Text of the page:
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'It Is All The Same Games,' Turkmen Activist Says About Elections

Sazak Durdymuradov

Sazak Durdymuradov

Sazak Durdymuradov, a journalist, teacher, and activist from Bakharden district in Turkmenistan's Akhal Province, had his candidacy to run in the country's parliamentary elections on December 14 rejected by Turkmen officials, for unknown reasons.

In an interview with Nazar Hudayberdi of RFE/RL's Turkmen Service, Durdymuradov says he is concerned for the safety of himself and his family. He says the Turkmen people are upset that the elections will be neither free nor fair, but cannot express themselves openly. There is only one legal political party in Turkmenistan, the most authoritarian country in Central Asia.

Durdymuradov worked as a reporter for RFE/RL until he was seized at home by Turkmen secret police on June 20 and taken to a psychiatric clinic. He was forced to sign a letter agreeing not to work as a journalist before being released in early July.

The candidacy of another Turkmen dissident, Gurbandurdy Durdykuliev, was also disallowed earlier this month. Durdykuliev was himself forcibly incarcerated in a psychiatric clinic in 2004 after sending a letter to then-President Saparmurat Niyazov requesting permission to hold a political demonstration.

RFE/RL: You declared your candidacy for Sunday's parliamentary elections? What is the result? Has your candidacy been accepted?

Sazak Durdymuradov:
I think I was one of the first people from local initiative groups to announce their candidacy for the elections. But I failed to have my candidacy approve due to unknown reasons. According to the election law, the number of people who [must join an initiative group to support a] candidate must be at least 10. There were 23 people who supported my candidacy.

Actually, it is really hard for me to talk about it at all. To be frank, I am concerned about my own life and the life of my family members, as I was warned. I do not know the reason. What makes me upset is that I acted according to the law. My priority was the interests of the people. I could gather far more than the 200 [supporters needed to nominate a candidate], but there is no place to hold a campaign [rally].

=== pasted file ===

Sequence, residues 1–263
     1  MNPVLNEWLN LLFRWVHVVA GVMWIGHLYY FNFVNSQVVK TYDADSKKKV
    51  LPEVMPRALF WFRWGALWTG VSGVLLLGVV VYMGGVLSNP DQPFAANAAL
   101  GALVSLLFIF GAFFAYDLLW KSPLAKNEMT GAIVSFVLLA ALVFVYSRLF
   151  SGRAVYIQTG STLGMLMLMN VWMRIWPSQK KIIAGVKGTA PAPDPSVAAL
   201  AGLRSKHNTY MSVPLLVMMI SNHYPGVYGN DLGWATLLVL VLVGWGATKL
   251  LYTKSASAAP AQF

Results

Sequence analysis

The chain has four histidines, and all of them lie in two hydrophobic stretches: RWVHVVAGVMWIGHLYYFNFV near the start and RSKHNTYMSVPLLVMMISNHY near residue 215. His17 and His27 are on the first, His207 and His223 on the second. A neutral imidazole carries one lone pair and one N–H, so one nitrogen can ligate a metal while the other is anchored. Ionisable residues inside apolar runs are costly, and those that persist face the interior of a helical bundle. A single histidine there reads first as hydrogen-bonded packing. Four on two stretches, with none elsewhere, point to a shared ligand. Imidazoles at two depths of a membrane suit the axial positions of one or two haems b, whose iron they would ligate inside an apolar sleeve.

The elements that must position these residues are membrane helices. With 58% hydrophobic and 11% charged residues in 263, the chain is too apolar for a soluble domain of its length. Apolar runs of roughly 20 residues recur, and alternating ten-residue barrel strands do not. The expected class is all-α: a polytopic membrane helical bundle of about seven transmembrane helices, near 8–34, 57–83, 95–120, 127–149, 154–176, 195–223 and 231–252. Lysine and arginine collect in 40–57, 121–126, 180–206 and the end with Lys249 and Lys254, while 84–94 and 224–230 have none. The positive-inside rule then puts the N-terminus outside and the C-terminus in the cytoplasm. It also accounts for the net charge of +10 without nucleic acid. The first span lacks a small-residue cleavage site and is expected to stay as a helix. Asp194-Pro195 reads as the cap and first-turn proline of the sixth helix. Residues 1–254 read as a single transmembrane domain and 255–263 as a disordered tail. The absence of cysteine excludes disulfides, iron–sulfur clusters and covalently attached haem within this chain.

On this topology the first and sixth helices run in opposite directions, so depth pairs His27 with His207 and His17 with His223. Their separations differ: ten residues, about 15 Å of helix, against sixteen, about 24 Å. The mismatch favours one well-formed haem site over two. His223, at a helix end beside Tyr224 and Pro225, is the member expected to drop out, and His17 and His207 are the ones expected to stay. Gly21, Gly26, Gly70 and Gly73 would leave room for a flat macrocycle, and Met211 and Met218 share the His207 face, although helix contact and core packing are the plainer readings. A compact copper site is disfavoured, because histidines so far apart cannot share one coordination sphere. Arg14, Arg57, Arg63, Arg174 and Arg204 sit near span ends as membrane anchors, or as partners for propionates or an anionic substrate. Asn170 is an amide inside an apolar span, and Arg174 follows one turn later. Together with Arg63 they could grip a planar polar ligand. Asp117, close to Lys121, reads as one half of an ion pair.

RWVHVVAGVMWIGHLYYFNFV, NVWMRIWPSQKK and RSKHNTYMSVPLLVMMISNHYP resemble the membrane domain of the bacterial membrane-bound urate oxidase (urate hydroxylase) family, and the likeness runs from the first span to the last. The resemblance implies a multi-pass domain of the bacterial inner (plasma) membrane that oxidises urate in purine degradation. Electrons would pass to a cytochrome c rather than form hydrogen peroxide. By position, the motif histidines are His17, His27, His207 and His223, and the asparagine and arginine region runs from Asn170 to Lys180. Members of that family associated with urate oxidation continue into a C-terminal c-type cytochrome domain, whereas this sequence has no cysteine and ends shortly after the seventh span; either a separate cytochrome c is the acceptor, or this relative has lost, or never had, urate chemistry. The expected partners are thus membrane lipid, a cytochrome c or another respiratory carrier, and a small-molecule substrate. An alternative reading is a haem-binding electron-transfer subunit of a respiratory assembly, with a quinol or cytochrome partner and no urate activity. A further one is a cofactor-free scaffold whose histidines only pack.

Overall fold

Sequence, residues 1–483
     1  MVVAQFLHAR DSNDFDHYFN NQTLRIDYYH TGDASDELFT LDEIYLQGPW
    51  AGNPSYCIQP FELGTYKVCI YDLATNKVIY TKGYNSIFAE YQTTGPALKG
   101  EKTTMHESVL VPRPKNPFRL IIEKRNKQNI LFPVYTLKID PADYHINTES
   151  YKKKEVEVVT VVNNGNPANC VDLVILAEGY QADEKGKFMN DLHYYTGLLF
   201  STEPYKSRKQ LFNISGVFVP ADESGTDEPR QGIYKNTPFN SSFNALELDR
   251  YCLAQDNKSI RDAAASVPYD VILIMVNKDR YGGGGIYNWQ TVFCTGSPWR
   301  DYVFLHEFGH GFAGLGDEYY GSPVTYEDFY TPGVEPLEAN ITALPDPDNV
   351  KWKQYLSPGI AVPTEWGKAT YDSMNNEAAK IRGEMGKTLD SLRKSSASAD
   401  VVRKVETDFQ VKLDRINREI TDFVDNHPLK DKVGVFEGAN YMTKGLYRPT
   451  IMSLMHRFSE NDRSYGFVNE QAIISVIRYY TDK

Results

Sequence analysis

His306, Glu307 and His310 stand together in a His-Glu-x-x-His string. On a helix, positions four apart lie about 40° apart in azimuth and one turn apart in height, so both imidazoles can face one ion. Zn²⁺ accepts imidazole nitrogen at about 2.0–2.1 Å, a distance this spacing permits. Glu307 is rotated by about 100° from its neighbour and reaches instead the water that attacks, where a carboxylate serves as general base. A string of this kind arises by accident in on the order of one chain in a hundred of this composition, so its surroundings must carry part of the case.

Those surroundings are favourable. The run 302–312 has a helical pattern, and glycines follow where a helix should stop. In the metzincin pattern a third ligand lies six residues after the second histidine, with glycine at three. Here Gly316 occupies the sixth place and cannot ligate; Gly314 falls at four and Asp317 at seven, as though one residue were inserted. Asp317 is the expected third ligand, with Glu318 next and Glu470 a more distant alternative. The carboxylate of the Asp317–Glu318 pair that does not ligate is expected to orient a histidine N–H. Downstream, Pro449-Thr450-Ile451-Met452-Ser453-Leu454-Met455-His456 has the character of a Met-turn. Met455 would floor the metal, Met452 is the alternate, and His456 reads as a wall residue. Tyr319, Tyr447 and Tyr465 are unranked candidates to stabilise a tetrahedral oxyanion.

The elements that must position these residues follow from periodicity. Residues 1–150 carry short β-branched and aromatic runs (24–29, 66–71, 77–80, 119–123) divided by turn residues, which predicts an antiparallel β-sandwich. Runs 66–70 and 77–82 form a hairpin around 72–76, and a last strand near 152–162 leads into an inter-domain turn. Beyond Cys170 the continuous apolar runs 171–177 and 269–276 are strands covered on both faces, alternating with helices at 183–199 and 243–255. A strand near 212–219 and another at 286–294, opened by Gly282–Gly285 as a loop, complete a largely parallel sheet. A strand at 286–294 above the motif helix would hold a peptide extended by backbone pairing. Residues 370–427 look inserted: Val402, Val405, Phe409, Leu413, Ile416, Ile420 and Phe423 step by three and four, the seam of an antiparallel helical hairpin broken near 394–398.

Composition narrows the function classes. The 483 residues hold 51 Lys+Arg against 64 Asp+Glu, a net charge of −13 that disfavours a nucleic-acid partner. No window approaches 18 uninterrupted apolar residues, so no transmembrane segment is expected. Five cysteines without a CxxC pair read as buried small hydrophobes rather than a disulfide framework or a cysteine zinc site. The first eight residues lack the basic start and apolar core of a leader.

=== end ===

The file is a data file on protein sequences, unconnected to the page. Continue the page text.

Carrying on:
The authorities refused to provide reasons for my rejection. I do not blame local authorities. I blame National Security officers and Central Election Committee officials because my documents were accepted at first but handed back a day later, saying they were unacceptable.

RFE/RL: Was it the Bakharden district electoral committee who rejected your documents?

Durdymuradov: Yes, they told me they would not accept them. There are a number of people who came from different places -- like Buzmeyin and Gyzylarbat (Serdar) -- to support me. I would be able to give detailed information about those people.

What I mean is that even U.S. President-elect Barack Obama would not be able to win a seat in parliament here. Even Russia's [Prime Minister Vladimir] Putin would fail. [German Chancellor Angela] Merkel and [French President Nicolas] Sarkozy would also fail to do so.

If you are not at the side of some specific groups here, you are not allowed to defend people's interests and benefits. We are in such a difficult situation. I wonder whether the president knows about these [violations] or not. I cannot understand why the president pledged to hold the elections. ... It is all the same games.

And one more thing. All the requirements to vote have been prepared in our school, but we do not know for whom we will vote on December 14. Ten days are left before the elections, and we still do not know who the candidates are. There are no pictures, no meetings, nothing. ... State media fails to give information about it. It is like a game. It is obvious that people will not participate in the elections. Even if they come, I am sure that they will not support the elections [in their hearts].

RFE/RL: So you mean people are not satisfied with the elections at all?

Durdymuradov: Think about this: How can people be satisfied without knowing whom they are voting for? It is obvious that people will boycott the elections. In other countries, people are aware of their elections. People watch election campaigns in other countries through their media. But it is all the same stuff here. People are very upset about these elections, though they do not speak freely about it.